Node proponents like to throw up the same few enterprise examples again and again (PayPal, Netflix, Walmart, Uber, etc.). For every Node example, there are — what? — hundreds of Java examples? Java has proven itself countless times in the enterprise. That’s why it’s practically the industry standard. Node has yet to prove itself. We don’t know how many corporations have tried using Node and gave up on it. We have no idea what the real-world success rate of Node projects is. For an enterprise, choosing Node is still a risky proposition.

The thing is if you are that kind of person who cannot express well in Javascript , that is your weakness and you shouldn’t touch the language.

Basically, the blame for all of JavaScript’s problems is placed on the people using the language: they’re ignorant; they’re lazy; they’re inured to the way programming is done in Java or Python. But what are they ignorant about? Functional programming?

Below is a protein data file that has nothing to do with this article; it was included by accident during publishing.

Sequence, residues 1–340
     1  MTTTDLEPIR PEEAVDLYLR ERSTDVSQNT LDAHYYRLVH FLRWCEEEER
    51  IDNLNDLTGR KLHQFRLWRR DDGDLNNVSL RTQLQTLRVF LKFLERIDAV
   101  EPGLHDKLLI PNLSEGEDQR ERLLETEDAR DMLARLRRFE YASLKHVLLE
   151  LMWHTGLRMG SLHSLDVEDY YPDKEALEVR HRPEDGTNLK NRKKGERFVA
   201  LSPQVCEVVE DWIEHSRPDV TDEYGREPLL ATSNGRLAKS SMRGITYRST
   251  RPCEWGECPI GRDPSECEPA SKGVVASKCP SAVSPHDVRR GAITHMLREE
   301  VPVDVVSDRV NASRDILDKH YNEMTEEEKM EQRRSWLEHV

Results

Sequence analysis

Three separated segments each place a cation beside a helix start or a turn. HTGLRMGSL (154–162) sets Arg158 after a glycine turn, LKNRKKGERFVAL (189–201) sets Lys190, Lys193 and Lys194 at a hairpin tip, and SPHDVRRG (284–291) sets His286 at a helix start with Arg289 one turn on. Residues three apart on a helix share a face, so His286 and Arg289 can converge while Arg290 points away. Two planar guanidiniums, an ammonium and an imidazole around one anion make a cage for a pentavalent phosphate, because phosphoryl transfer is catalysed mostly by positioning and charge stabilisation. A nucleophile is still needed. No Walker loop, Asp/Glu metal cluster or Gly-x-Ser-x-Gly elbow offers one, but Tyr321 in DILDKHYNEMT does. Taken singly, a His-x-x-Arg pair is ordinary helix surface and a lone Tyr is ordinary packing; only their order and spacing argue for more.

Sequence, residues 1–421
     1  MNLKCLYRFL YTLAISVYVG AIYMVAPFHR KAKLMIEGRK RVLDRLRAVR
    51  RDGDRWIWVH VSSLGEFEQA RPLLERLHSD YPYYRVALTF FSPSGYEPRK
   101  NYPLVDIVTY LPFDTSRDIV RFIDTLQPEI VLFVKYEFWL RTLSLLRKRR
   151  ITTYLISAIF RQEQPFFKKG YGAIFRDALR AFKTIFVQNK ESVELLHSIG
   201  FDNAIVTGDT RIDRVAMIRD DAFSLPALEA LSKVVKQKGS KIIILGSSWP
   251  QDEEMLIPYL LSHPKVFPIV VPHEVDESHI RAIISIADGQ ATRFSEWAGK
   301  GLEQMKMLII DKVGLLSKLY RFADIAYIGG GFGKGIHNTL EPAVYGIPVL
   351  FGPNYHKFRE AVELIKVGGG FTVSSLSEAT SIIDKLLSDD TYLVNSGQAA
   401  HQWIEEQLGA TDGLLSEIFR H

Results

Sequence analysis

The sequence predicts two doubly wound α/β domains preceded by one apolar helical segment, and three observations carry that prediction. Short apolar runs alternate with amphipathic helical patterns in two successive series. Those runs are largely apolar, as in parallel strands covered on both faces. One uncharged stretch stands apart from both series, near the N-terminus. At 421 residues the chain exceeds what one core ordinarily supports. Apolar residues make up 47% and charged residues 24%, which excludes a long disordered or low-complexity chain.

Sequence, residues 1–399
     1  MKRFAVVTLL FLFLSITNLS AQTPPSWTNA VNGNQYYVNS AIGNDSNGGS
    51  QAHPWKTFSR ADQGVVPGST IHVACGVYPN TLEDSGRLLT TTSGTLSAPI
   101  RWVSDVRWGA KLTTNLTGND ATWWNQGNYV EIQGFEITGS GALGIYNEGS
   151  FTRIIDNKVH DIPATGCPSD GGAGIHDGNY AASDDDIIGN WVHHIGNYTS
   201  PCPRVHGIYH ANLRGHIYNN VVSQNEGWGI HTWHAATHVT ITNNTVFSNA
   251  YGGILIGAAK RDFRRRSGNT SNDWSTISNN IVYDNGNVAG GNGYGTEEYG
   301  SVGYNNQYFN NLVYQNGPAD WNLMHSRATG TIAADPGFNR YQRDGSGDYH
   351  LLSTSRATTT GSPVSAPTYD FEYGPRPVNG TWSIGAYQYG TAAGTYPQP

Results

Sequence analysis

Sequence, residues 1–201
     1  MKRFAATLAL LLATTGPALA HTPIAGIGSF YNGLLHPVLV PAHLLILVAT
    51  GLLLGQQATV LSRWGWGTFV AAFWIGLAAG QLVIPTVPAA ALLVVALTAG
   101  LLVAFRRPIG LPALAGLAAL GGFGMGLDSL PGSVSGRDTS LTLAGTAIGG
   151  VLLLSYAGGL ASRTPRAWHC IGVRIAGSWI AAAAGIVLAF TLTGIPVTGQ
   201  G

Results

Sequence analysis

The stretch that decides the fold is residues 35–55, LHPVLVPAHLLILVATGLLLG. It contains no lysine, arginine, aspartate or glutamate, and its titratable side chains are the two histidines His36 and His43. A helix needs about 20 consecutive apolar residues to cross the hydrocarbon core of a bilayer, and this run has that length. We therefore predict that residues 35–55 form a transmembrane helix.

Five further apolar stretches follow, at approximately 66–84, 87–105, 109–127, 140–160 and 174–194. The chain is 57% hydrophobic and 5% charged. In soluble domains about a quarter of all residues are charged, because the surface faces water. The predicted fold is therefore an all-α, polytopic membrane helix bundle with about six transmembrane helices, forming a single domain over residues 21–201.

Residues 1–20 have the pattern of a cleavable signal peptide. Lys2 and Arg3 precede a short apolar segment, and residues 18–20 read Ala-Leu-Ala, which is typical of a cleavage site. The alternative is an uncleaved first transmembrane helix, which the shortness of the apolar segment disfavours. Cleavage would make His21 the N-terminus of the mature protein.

Why then aren’t people screwing up when using other FP languages such as C#, Clojure, Dart, Elm, Erlang, F#, Julia, Haskell, Scala and Scheme? Functional programming is a fairly well-understood paradigm in the IT industry. So what makes JavaScript especially problematic in this regard?

Yes, it is possible to be a good software engineer using JavaScript, just as it’s possible to be a good software engineer using assembly language, but it’s certainly not the best way. That’s what Java, Python, C++ and Go language are for. Far too many people entering this field demonstrate a low level of JavaScript competence, as well-known JavaScript evangelist Eric Elliott has lamented. As few as one in a hundred JavaScript developers know what the f*ck they’re doing! This is a horrible situation. Many young people today have been led astray by the JavaScript hype, and Preethi Kasireddy’s article is part of the problem.

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